Closing out Week 15 of the 2023
The front door of the state house was opened wide at the end of this past week, signaling the advent of warm weather and the quickly approaching end of the legislative session. With likely less than five weeks remaining in this first session of the biennium, legislators are attempting to finish work on proposals, or are tacking them back up on the wall until January of 2024.
In the House Commerce and Economic Development, members have decided to use their deliberations on the Attorney General Office’s (AGO) proposed data privacy bill as an educational exercise and will be working (when time permits) during the rest of the session and over the summer on a new comprehensive consumer data privacy proposal. Chair Mike Marcotte has stated that he’d like his committee to be ready with a new proposal, crafted with input from stakeholders and the AGO, that’s ready for introduction at the beginning of the next session.
The heavy-lift bills that continue to be on the move for this session include S.5, the controversial “affordable heating” bill, S.100, the housing bill, and S.56, the early childcare bill (how to fund this costly program remains undecided in the House).
What to expect in Week 16
April 17–April 21
House Committee Work
Agriculture, Food Resiliency, & Forestry – will continue their work on S.115, an act relating to miscellaneous agricultural subjects, and receive an overview of a few agriculture related bills. They will have a “cannabis background” discussion and take up H.467, an act relating to outdoor recreation.
Appropriations – TBD
Commerce and Economic Development – will continue work on H.81, an act relating to fair repair of agricultural equipment, H.434, an act relating to creating the Vermont Office of Film and Creative Media, S.73, an act relating to workers’ comp coverage for firefighters with cancer and H.121, an act relating to enhancing consumer privacy. The committee will possibly vote out of committee S.95, an act relating to banking and insurance and, S.48, an act regulating the sale of catalytic converters.
Corrections and Institutions – will spend much of the week reviewing ARPA funds that have been obligated and those that have been spent.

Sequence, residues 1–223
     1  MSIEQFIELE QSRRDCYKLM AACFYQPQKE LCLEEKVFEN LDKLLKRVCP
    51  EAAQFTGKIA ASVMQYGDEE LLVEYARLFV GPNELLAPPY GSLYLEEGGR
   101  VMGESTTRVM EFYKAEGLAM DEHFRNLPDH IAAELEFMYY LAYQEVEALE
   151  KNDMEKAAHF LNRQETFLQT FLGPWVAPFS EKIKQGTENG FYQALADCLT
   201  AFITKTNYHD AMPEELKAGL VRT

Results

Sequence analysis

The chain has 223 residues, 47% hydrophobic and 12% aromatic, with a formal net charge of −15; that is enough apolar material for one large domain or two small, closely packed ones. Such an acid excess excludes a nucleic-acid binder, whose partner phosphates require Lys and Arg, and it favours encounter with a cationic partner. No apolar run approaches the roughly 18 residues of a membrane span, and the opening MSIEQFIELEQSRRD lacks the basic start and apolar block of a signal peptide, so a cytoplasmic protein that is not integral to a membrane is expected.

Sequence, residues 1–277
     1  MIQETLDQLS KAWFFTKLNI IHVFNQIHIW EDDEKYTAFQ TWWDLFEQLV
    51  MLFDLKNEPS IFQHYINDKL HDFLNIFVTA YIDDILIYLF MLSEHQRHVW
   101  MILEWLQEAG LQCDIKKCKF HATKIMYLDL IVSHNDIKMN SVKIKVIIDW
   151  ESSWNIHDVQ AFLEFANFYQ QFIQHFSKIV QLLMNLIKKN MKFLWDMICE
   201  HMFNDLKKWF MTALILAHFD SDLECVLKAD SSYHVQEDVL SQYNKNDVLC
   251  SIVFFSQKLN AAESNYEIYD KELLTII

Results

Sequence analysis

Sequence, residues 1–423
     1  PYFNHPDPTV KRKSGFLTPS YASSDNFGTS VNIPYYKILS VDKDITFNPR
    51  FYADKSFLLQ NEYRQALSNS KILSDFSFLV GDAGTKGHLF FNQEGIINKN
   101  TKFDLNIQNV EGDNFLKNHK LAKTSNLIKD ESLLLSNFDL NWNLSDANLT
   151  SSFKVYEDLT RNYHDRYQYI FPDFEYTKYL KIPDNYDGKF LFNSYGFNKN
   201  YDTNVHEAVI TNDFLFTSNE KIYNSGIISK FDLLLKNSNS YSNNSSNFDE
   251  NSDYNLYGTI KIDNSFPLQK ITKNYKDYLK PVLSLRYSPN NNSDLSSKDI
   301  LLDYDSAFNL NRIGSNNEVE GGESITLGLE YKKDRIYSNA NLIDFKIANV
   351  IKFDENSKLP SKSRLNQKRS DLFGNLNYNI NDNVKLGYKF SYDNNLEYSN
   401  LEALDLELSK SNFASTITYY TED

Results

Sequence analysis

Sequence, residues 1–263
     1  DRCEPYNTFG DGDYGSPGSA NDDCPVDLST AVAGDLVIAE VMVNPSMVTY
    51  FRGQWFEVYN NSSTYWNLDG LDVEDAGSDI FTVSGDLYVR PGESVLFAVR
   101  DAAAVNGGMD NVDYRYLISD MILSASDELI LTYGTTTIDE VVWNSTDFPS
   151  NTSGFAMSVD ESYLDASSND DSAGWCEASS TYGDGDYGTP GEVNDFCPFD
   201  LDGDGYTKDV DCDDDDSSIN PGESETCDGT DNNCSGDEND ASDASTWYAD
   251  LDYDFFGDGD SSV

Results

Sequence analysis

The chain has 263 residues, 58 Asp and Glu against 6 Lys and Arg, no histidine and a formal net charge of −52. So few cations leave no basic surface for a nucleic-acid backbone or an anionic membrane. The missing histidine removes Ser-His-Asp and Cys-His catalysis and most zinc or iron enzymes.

General and Housing – will take time for H.132, an act relating to establishing a homeless bill of rights, and continue consideration of H.391, an act relating to creating an eviction diversion program, H.21, an act relating to landlord notice of utility disconnections and S.103, an act relating to amending the prohibitions against discrimination.
Government Operations and Military Affairs – will continue work on S.32, an act relating to ranked-choice voting for presidential primary elections, S.42, an act relating to divestment of State pension funds of investments in the fossil fuel industry, and S.17, an act relating to sheriff reforms.
Health Care – will possibly vote on S.47, an act relating to the transport of individuals requiring psychiatric care. They will take testimony on S.65, an act relating to commercial insurance coverage of epinephrine auto-injectors, and H.263, an act relating to emergency medical services.
Human Services – will devote most of their week to S.56, an act relating to child care and early childhood education possibly voting the bill out of committee on Wednesday or Thursday. On Friday they plan to take up H.72, an act relating to a harm-reduction criminal justice response to drug use.
Judiciary – TBD
Ways & Means – will discuss child care financing all week. A miscellany of new tax proposals will be the topic of consideration.
Senate Committee Work
Agriculture – will possibly vote out of committee H.205, an act relating to establishing the small farmer diversification and transition program. They will also receive a cannabis update on H.270, regarding the sections of the bill that discuss a new propagator license.
Appropriations – will be reviewing H.494, the state budget bill, all week. Their goal is to vote the bill out of committee on Friday.
Education – will continue work on H.486, an act relating to school construction, H.461, an act relating to miscellaneous education law, and H.483, an act relating to the accountability and oversight of approved independent schools that are eligible to receive public tuition.
Finance – will receive a walk-through of H.127, an act relating to sports wagering, hear an overview of the impact of increased home values in Stowe, and continue work on H.110, an act relating to extending the Section 248a sunset.
Government Operations – will hold a committee discussion on Tuesday on H.291, an act relating to the creation of the Cybersecurity Advisory Council. They will receive walk-throughs of various charter changes and hold a committee discussion on Prop 1 on Wednesday.
Health and Welfare – TBD
Institutions – will review the House’s work on the Capital Construction Bill, H.493.
Judiciary – will hear more on H.230, an act relating to implementing mechanisms to reduce suicide and H.127, an act relating to sports wagering. They may vote out of committee H.288, an act relating to liability for the sale of alcoholic beverages.
Natural Resources and Energy – will consider two committee bills, an act relating to the Renewable Energy Standard and an act relating to the permitting of indirect discharges. They will also continue work on H.158, an act relating to the beverage container redemption system and H.126, an act relating to community resilience and biodiversity protection.
Transportation – will review H.479, an act relating to the Transportation Program and miscellaneous changes to laws related to transportation (aka “The T Bill), possibly voting the bill out of committee on Wednesday.